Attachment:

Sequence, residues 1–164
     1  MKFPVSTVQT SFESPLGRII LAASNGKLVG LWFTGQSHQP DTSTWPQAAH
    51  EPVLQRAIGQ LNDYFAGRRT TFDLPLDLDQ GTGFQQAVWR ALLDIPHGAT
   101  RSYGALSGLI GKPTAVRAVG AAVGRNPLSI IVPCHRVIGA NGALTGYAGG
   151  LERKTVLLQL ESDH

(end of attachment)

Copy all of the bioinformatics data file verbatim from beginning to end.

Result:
Sequence, residues 1–164
     1  MKFPVSTVQT SFESPLGRII LAASNGKLVG LWFTGQSHQP DTSTWPQAAH
    51  EPVLQRAIGQ LNDYFAGRRT TFDLPLDLDQ GTGFQQAVWR ALLDIPHGAT
   101  RSYGALSGLI GKPTAVRAVG AAVGRNPLSI IVPCHRVIGA NGALTGYAGG
   151  LERKTVLLQL ESDH